Consumer products are categorized as either foods or drugs – drugs include natural health products (NHPs) as a subcategory in the FDR. Food products with added vitamins, minerals, amino acids, herbal ingredients and other novel ingredients, as well as foods making certain health claims, were previously able to gain market access as NHPs. The food-like nature of these products was a source of confusion for consumers, and of concern for the government, since they did not comply with the FDR.
To ensure that products at the food/NHP interface are regulated accordingly, Health Canada is creating a space in the FDR for these products, termed ‘supplemented foods’. Health Canada defines a ‘supplemented food’ as, “a pre-packaged product that is manufactured, sold or represented as a food, which contains added vitamins, minerals, amino acids, herbal or bioactive ingredients. These ingredients may perform a physiological role beyond the provision of nutritive requirements.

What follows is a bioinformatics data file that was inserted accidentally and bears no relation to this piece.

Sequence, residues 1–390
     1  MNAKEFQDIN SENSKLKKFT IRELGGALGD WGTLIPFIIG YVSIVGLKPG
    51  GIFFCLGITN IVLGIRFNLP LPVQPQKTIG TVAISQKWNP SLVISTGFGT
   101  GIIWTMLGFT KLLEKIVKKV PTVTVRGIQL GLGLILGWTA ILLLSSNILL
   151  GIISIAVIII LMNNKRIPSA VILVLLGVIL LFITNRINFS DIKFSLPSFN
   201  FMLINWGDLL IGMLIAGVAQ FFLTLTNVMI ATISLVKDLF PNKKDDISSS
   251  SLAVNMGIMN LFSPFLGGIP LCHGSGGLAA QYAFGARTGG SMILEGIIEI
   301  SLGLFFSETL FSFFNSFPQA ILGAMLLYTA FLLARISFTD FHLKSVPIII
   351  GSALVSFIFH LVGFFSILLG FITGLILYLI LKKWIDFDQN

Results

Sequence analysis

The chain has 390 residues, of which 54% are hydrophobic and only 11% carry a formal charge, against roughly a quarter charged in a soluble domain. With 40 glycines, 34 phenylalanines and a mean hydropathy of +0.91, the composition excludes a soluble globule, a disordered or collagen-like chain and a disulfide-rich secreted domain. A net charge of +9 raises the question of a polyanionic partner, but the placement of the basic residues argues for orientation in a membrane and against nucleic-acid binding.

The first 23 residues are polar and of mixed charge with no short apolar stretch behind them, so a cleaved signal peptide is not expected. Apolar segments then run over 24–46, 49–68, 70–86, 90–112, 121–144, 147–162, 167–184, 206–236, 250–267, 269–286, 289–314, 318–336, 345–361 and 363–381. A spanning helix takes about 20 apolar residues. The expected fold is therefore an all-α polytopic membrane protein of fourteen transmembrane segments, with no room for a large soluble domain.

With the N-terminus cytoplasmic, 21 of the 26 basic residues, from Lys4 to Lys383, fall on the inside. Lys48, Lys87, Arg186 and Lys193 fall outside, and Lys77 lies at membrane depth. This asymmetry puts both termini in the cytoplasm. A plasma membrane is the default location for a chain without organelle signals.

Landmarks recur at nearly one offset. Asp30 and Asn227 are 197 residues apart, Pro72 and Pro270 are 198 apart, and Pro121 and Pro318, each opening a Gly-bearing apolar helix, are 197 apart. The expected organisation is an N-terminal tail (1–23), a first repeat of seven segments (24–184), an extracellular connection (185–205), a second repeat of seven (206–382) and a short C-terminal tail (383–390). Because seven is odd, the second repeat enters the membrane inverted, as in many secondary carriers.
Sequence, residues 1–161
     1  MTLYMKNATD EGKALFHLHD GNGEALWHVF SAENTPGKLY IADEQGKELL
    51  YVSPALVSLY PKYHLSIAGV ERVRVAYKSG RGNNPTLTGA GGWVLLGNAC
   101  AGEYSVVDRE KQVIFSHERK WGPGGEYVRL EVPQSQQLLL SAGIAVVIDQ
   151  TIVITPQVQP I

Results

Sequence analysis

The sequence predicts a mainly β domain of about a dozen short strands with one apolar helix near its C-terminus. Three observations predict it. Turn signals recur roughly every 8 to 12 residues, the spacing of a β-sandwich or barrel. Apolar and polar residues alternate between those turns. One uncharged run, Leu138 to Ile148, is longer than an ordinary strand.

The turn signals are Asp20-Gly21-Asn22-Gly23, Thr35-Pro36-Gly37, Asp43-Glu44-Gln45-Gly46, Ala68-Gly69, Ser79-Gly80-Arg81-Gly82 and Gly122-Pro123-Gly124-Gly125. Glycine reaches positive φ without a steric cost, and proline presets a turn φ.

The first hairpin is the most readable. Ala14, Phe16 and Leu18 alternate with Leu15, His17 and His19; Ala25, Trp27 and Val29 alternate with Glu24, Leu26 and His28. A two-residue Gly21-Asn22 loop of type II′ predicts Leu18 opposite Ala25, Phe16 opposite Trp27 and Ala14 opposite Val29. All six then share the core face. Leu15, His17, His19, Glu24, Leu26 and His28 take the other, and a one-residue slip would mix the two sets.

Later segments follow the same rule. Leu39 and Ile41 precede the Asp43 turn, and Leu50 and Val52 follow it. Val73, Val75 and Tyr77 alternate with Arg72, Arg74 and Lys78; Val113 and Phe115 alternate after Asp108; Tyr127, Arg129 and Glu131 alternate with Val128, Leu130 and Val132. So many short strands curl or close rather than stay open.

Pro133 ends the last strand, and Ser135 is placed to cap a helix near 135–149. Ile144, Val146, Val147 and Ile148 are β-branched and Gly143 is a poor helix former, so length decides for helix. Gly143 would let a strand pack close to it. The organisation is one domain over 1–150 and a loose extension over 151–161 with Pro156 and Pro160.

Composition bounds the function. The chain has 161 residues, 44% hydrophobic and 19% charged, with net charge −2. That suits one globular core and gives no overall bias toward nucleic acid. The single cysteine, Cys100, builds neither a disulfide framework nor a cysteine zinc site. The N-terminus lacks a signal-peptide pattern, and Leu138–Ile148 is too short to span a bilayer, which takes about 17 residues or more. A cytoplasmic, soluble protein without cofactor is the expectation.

Products are classified as either a food or an NHP on a case-by-case basis, with consideration for the product’s composition, representation and format; public health and safety; as well as public perception and history of use. Until Health Canada has finalized regulatory amendments to incorporate supplemented foods into the FDR, products at the food/NHP interface may be sold through the use of Temporary Market Access Letters (TMALs). Accordingly, companies wishing to sell supplemented foods need to apply for a TMAL.
The following resources can be used by businesses to classify products at the food-NHP interface as either a supplemented food, a novel food or an NHP. These resources also outline what products and ingredients are eligible for a TMAL, the process to acquire a TMAL, and what foods are treated as novel foods.